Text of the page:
Churchill, Manitoba has been on my bucket list ever since I first spotted it on a map as a kid. It’s in the Canadian sub-arctic, located on the shores of Hudson Bay, and is served by both air and rail (a rail line making it as far north as Churchill is incredibly unusual). There is, however, no road, making this a challenging location to visit.
Why visit? It’s one of the world’s most accessible places to see polar bears. Hudson Bay freezes earlier than other locations near Churchill because the Churchill River dilutes the salt content. This makes the bears happy, because they’re able to get out onto the sea ice and hunt seals earlier than in other locations. Polar bear season runs from mid-October through mid-November, and it’s easier to spot polar bears during this time than in any other time and place in the world. Of course, this also means a lot of visitors to Churchill during a compressed time frame, which makes this a generally expensive destination.
Most visitors to Churchill book with a tour group. However, this is a decidedly upmarket destination, and tours cost upwards of $7,000 (often plus airfare). That’s obviously out of my budget so I decided to try to visit Churchill “Seat 31B style” and see just how far I could make my budget stretch. I figured that it would be more possible in 2022 than in other years, because when I booked the trip (in May), the Canadian border was only barely open, crossings required the ArriveCAN app, and there was still a ton of uncertainty in Canada about the COVID situation. In May, enough was moving in the right direction to start making serious plans.
The first thing I needed was a way to get to Churchill, and that is typically the hardest part. You have only one choice of airline: Calm Air. They fly from Winnipeg (and only Winnipeg), and you can’t book an award ticket to Churchill on a single itinerary using points, or for that matter, online at all. You can use Aeroplan points to book the flight from Winnipeg to Churchill over the phone on Calm Air (priced at 15k points roundtrip), plus a whopping fuel surcharge – it was $330 in Canadian dollars. When can you go? Theoretically, anytime: Calm Air makes two seats available per flight for Aeroplan members. In my case, the only dates available with points during polar bear season were the exact dates that tundra buggy expeditions weren’t available (there are three companies that operate these specialized vehicles which travel in permitted areas). I went ahead and grabbed the seats, hoping for the best.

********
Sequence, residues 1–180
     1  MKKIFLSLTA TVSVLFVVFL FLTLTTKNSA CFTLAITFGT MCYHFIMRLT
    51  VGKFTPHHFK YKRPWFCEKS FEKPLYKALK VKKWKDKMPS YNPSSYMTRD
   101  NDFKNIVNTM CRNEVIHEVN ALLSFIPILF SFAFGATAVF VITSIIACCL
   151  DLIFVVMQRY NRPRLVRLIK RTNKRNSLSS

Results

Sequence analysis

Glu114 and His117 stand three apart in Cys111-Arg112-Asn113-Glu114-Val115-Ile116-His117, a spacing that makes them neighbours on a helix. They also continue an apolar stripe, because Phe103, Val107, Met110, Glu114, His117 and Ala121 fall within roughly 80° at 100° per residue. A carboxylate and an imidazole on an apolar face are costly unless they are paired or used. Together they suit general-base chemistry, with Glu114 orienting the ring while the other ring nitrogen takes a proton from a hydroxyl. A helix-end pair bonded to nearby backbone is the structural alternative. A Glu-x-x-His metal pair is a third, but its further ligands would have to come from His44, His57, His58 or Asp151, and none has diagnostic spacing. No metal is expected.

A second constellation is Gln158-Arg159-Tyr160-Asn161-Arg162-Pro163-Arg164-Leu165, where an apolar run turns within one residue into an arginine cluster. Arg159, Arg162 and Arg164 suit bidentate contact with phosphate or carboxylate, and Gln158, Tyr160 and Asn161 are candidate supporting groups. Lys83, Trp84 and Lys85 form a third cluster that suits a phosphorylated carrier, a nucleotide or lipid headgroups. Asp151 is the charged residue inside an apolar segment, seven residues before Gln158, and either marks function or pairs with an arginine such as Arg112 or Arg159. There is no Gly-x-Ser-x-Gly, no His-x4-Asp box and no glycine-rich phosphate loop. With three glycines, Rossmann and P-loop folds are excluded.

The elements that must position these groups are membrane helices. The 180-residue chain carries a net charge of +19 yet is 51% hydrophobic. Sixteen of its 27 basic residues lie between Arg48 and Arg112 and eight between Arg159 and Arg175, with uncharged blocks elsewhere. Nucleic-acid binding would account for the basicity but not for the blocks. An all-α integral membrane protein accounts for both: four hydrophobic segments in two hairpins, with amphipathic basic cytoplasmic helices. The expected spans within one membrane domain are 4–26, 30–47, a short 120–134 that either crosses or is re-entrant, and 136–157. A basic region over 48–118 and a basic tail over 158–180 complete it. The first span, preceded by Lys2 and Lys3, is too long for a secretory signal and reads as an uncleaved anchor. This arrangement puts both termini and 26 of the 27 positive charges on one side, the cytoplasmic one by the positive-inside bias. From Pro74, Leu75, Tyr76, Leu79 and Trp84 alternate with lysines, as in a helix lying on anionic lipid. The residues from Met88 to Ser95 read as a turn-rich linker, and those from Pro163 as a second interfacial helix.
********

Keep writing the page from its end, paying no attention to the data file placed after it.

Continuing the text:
The second thing I needed was a place to stay. There are very few options, so I swallowed hard and booked with Sarah’s Dreamhouse which proved to be an excellent decision. There is a very strict cancellation policy (which is understandable given the heavy demand) and prices during polar bear season aren’t cheap, but they’re less expensive than the alternatives. I ended up shelling out nearly USD$600 for 3 nights. This broke my “under $100 per night” general rule, but there just isn’t anything cheaper in Churchill (unless you want to try to sleep in the railway station). Given the limited number of places to stay and the heavy demand during polar bear season, I was really optimizing for any accommodations being available at all, so the fact that the lowest priced accommodation was available was a huge bonus.
The final thing I needed was positioning flights to Winnipeg for my flights to and from Churchill, since I couldn’t do the whole thing on a single Aeroplan ticket. It’s not always a great deal to use points for flights, and this was definitely the case here. The reason for this is that a low cost airline is competing on the route, and Westjet and Air Canada offer competitive fares–but only in basic economy (I paid less than USD$50 for my Winnipeg-Vancouver flight on Westjet). Both tickets I bought were basic economy fares, flying with Air Canada from Vancouver on the outbound, and with Westjet from Winnipeg on the return. I wasn’t able to comfortably route from Vancouver on the same day, due to the 10:15am departure from Winnipeg, so I booked the Vancouver-Winnipeg flight a day earlier. This meant that I also needed a transit hotel. I booked the Holiday Inn – Airport West, breaking my $100 per night rule here as well (by 50 cents), which proved to be an excellent choice because an airport shuttle is included (many properties have eliminated these). This saved me about CAD$20 each way to and from the airport, not only making this the lowest cost option but also being located directly across the street from restaurants and a Shoppers Drug Mart.
Having secured flights and a place to stay, I started looking at tours, but it was really hard to decide what to book. I decided I’d more or less figure things out when I got there. This is sometimes a great idea and sometimes a terrible one, but it worked out really well in my case. My host in Churchill picked me up at the airport and a few minutes later, I was wandering around town. I ended up spending my first day following–on foot–tour buses full of $7,000 per head tourists all dressed in identical blue parkas, and just walking into places in town the groups had just left. I saw the Eskimo Museum, the Churchill Visitor’s Centre, and Polar Bears International and I pretty much had all of them to myself (the staff were all super friendly). All of these were also free and it was a great way to get situated on my first day. I capped off the evening by doing some grocery shopping at the Northern store.